Meanwhile, Rose surmises that they were kept alive because, as time travellers, their touch would activate the Ark. Sec explains that they cannot open the Ark because it is stolen Time Lord technology. He demands that Rose open it, but she refuses, and mocks the Daleks until the Doctor appears. Upon realising that the Daleks are the enigmatic Cult of Skaro, he uses his sonic screwdriver to allow the Cybermen to attack the Daleks, letting the humans escape. Mickey accidentally activates the Ark when escaping, and the Daleks, after escaping the Cybermen, travel to the exterior of Canary Wharf to release the Ark's contents: millions of Daleks who were imprisoned during the Time War. These Daleks encounter the Cybermen, and the two races begin fighting all over the world.

The Doctor and his companions flee into the tower. En route, Pete rescues Jackie from upgrading and the couple are reunited. As the Dalek–Cyberman war rages outside—with humans being massacred in the crossfire—the Doctor brings everyone to the breach room. He explains that crossing the Void causes a traveller to become saturated in Void material. If he opens the breach to the void, any being saturated will be pulled in. He will then close the breach forever. However, Rose and Mickey have crossed the Void and are contaminated and vulnerable.

The Tylers and Mickey cross into the parallel universe, but Rose decides she would rather be with the Doctor than her family and jumps back to help him. They open the breach and hold onto a pair of magnetic clamps as the Cybermen and Daleks are pulled in, though the Cult of Skaro escape via an "emergency temporal shift". Rose's lever slips; she pushes it back into position but loses her grip. Before she falls into the Void, Pete reappears, catches her, and jumps back to his world. The breach closes and leaves a devastated Rose trapped in the other world.

Some time later, Rose has a dream where she hears the Doctor's voice calling her. The Tyler family follow the voice to a remote bay in Norway called Bad Wolf Bay, where an image of the Doctor appears; he is harnessing the power of a supernova to transmit through one of the final breaches. Because the breach is to close permanently in two minutes, the pair share one last conversation. Rose breaks down in tears and tells him that she loves him, but as the Doctor starts to reply, the breach closes. In the TARDIS, a tearful Doctor regains his composure and sets a new course. He looks up to see a woman in a wedding dress (portrayed by Catherine Tate), who demands to know where she is.[3]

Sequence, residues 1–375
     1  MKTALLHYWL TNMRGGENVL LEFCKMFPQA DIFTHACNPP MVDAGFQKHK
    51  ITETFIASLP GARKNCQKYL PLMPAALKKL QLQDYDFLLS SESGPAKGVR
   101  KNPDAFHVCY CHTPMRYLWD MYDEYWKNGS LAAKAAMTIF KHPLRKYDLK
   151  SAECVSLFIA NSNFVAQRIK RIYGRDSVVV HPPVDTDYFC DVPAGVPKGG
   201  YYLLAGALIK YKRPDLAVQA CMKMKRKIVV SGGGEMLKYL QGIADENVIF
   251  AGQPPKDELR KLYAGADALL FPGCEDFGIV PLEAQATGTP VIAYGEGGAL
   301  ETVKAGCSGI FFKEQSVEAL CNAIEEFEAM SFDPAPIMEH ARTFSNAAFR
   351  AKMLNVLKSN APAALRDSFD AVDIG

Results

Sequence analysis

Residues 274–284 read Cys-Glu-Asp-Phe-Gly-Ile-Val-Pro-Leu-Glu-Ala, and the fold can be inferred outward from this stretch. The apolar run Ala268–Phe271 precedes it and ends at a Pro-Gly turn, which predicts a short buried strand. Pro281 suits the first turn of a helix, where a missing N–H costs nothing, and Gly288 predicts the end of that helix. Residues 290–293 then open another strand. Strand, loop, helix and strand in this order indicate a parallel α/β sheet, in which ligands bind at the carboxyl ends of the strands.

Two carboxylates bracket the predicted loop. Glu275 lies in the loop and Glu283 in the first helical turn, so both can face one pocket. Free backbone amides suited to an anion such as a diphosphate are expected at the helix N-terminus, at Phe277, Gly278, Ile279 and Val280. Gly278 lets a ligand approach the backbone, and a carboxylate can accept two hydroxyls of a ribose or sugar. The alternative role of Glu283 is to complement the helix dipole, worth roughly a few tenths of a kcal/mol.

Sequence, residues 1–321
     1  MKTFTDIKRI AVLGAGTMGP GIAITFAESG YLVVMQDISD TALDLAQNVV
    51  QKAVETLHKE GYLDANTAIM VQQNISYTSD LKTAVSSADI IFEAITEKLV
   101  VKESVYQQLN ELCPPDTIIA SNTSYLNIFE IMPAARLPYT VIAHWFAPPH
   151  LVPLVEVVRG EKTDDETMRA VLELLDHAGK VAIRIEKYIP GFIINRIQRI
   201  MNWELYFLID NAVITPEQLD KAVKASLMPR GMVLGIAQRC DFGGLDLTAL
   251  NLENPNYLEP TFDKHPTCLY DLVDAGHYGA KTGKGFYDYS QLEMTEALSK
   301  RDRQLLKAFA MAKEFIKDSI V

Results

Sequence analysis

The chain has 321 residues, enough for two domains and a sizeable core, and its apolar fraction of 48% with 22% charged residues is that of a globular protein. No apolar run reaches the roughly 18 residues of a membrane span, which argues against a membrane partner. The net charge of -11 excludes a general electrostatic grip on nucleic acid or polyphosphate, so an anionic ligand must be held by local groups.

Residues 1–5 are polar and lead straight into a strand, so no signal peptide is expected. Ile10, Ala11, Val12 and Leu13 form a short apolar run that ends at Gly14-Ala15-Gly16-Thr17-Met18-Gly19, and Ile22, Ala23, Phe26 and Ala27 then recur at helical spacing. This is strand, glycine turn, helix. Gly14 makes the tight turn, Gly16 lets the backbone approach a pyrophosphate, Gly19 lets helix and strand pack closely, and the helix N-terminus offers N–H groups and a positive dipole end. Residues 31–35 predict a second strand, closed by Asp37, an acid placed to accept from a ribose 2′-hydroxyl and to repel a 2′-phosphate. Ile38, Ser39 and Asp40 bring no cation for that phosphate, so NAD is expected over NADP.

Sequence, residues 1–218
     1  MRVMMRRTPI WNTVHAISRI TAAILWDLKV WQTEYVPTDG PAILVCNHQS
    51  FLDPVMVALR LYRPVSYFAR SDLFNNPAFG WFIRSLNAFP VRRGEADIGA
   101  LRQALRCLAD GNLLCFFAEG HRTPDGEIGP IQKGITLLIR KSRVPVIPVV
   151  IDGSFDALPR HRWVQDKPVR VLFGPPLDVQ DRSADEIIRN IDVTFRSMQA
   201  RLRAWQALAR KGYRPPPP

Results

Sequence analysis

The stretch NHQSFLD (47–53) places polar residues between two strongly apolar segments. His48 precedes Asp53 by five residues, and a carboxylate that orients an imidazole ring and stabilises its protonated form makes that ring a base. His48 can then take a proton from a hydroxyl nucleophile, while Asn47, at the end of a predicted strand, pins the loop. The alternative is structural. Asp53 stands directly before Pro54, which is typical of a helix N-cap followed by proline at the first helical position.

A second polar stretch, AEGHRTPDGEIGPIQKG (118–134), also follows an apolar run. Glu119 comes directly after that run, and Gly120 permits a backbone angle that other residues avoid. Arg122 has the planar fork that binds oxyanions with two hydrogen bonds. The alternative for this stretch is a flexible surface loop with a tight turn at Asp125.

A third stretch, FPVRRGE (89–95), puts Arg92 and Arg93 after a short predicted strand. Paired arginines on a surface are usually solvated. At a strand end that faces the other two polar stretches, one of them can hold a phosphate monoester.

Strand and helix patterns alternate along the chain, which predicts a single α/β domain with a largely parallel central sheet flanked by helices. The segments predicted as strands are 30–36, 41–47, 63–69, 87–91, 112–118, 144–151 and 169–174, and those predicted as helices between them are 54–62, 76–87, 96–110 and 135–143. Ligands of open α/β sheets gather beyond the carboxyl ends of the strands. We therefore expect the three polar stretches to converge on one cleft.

The concept of the Daleks and Cybermen appearing together on screen is not new; in December 1967, the BBC approached Terry Nation to have both races in a serial, but Nation vetoed this idea. The concept came to Davies while mapping out the 2006 series: the story would both serve to resurrect the popular Daleks and provide a suitable exit for Piper, who had decided to leave Doctor Who.[4] "Doomsday" is the first episode in the history of Doctor Who where the Cybermen and the Daleks appear on-screen together; Cybermen and Daleks were both featured in The Five Doctors and "Army of Ghosts", but in separate scenes.[5][6]

The two-part finale was originally going to take place in Cardiff on the time rift, which was the focus of the episodes "The Unquiet Dead" and "Boom Town". When Torchwood was commissioned in 2005, Davies decided to base the spin-off in Cardiff and relocate "Army of Ghosts" and "Doomsday" to Canary Wharf in London.[4]

An item of discussion between the production staff was over who would rescue Rose; Davies and Julie Gardner wanted Pete to rescue her, while Clarke and Phil Collinson wanted Mickey. The role was ultimately given to Pete, to emphasise that he had accepted Rose as a surrogate daughter.[4] The Doctor's intended reply to Rose was also discussed; Davies, who left the reply unspecified, stated he didn't know when asked by Collinson on the episode's commentary track, and Gardner vehemently believed the Doctor would reciprocate Rose's love.[7]